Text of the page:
Hinds Community College: The Beginning


Part 1 of 10

America's Community Colleges: the First Century

"The American community college movement is the most important higher education innovation of the twentieth century."

     In 2001, as the American community college movement began its second century, nearly twelve million people were enrolled in community college courses offered by almost 1,800 institutions located in every state in the union. Statewide facilities ranged from the enormous California system, with 109 public community colleges (plus 13 independent and one tribal), to Rhode Island with one public and one private institution. Community and junior college graduates included obstetricians, child care specialists, teachers, principals, electricians, dieticians, attorneys, computer technologists, bankers, bricklayers, members of Congress, astronauts, nurses, policemen, hair stylists, commercial artists, scientists, university professors, musicians, writers, and morticians, just to name a few. From controversial and somewhat obscure origins, the community college had clearly become a titan in American education.

     The first true junior college - forerunner of the more comprehensive community college - was established in 1901 when Peoria (Illinois) High School offered college freshman courses to six students. Other public high schools, especially in Illinois and California soon followed Peoria's lead, while in Texas, Missouri, and other states a number of small, private colleges "decapitated" their last two years of instruction to become junior colleges. A 1918 study concluded that 39 public high schools and at least 93 former four-year colleges offered junior college curricula.

     Mississippi's entry in the burgeoning junior college movement was indirect, unplanned, and unique. In 1908 the state Legislature attempted to provide better educational opportunities for rural students by allowing county school boards to establish boarding agricultural high schools. These were to concentrate on agricultural education for boys and home economics for girls, but were also to provide a full curriculum in traditional academic subjects. There was no expectation that, with one exception, the future Mississippi junior and community colleges would evolve from these institutions.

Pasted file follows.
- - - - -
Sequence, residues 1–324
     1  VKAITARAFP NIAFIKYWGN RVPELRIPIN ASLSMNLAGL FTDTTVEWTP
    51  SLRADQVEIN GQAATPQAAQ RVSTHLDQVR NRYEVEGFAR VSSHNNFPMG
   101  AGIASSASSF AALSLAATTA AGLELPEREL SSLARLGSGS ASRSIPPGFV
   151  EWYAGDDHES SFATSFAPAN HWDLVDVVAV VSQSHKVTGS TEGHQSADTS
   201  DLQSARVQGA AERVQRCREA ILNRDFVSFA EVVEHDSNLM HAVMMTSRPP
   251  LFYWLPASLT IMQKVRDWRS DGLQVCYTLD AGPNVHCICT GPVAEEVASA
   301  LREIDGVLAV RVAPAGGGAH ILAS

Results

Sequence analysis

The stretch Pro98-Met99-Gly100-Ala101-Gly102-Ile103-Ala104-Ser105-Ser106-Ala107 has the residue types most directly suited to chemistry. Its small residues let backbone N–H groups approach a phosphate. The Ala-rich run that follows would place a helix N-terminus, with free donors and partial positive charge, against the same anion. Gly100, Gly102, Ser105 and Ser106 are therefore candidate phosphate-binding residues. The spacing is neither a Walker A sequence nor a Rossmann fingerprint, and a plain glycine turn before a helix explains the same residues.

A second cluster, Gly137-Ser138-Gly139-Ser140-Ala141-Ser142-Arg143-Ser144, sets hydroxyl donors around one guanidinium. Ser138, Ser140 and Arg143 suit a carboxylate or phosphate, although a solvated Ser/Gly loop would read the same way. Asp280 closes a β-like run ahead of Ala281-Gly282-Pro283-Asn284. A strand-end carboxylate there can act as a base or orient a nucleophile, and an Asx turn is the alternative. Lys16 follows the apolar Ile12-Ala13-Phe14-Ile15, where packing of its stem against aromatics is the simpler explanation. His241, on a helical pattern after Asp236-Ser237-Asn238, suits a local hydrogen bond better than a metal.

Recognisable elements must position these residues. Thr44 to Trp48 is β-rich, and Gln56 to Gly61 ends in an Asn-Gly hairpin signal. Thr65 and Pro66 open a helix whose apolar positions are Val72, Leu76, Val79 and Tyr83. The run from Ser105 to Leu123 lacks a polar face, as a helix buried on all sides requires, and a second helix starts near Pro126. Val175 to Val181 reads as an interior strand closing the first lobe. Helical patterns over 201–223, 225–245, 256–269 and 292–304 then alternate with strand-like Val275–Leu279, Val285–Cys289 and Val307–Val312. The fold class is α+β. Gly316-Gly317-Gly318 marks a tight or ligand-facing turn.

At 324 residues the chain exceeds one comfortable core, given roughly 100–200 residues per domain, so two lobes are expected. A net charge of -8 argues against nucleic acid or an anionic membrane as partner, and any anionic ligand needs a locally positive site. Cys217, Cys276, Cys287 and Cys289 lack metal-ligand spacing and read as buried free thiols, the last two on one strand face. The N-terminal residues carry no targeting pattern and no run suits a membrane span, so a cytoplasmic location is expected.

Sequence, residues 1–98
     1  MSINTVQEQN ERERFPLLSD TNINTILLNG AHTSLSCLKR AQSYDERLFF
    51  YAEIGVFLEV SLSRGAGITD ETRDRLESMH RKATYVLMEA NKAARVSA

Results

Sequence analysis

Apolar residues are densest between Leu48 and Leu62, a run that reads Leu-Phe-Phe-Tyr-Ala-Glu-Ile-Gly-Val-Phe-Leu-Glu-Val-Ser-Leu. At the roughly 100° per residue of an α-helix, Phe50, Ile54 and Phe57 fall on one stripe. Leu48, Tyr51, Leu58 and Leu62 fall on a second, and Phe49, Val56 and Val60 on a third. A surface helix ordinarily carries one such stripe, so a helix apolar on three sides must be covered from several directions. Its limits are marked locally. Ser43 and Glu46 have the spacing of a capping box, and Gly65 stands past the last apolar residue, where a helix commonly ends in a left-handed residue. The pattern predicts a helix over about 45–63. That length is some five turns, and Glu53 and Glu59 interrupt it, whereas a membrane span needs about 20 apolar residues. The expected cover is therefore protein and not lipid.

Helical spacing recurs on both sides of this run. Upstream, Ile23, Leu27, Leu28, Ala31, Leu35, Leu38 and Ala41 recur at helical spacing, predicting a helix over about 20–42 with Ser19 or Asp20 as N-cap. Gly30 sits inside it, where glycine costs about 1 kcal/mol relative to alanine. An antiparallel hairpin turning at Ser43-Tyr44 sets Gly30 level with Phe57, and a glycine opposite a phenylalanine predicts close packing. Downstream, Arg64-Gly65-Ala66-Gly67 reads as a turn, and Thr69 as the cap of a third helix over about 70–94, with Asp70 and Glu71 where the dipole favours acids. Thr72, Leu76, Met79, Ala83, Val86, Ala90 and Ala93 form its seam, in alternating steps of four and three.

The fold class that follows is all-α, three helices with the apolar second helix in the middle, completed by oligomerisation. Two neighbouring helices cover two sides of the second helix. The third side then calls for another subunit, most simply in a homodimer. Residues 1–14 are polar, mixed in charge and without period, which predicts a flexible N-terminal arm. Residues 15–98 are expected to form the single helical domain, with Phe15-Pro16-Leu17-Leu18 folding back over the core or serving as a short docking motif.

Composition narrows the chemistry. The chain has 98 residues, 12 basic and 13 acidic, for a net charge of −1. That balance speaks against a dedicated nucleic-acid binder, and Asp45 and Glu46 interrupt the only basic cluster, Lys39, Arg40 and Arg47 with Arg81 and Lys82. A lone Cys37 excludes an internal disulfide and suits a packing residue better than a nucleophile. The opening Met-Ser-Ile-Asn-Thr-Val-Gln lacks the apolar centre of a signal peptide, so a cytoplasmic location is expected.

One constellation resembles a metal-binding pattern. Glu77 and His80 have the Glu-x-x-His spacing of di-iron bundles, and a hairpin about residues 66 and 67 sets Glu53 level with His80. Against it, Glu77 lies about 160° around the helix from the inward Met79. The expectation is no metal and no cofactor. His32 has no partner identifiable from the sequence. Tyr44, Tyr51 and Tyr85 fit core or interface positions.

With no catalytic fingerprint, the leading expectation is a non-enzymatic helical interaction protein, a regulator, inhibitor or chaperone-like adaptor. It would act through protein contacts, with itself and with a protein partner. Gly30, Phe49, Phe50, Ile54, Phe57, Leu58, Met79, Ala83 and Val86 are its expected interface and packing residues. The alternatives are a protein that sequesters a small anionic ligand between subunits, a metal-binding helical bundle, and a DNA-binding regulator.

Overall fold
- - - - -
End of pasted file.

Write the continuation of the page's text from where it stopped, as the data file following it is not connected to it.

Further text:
By 1920 over 50 agricultural high schools were in operation. Among them was Hinds County Agricultural High School, which opened in Raymond in the fall of 1917. The Hinds County towns of Clinton, Edwards, and Utica had also made bids to the county school board, but Raymond, with its central location and offer of land and other support, gained the board's approval in May 1916. The town subsequently issued bonds in the amount of $5,000, and in February 1917 purchased about 45 acres of land that became the campus of the agricultural high school. It remains the heart of the Hinds Community College Raymond Campus.

     Local lore held that the land had belonged to the captain of the Confederate ironclad Merrimac (correctly C.S.S. Virginia) in its clash with the U.S.S. Monitor in the Civil War in 1862. In fact, previous owner John R. Eggleston had been a lieutenant on the Merrimac and only later rose to the rank of captain. Doubtless, his Raymond neighbors called him "Captain" and with the passage of time confused his later rank with service on the Merrimac.

     Hinds County supervisors provided $75,000 for capital construction, which quickly commenced on three brick buildings on a semi-ellipse just north of the Raymond-Jackson highway. These were matching two-story brick dormitories for girls and boys, and a three-story administration and classroom building. Of these, only the girls dormitory, now Pickett Main Residence Hall, survives. A brick power plant, wooden home for the school superintendent (now the site of Dukes-Riggs Hall), barn, and implement shed completed the original campus. By January 1918 a chicken house had been added, described by the Hinds County Gazette as "a thing of beauty."

     At first, landscaping was lacking. Construction photos show clearly that the future campus had been planted in cotton only the year before, and muddy paths ran everywhere. A wire fence separated the campus from the highway.

     With construction of the dormitories and classroom building completed, the campus opened on September 5 with a "mammoth" meeting of the State Conference of Teachers, who boarded in the new dorms. They were treated to a concert, moving picture, and baseball game.

     A few days later, on September 9, 1917, Superintendent W.N. Taylor and ten staff members greeted 117 eager and not-so-eager students. (One student, Lola Allen of Raymond, later known simply as "the bookkeeper," was to have an on-campus career lasting until 1966.) Certainly no one involved had the slightest inkling that from this small beginning a great institution of community service would evolve, one that ninety years later enrolled over 16,000 students in a multi-campus district. Hinds Community College was in the process of being born.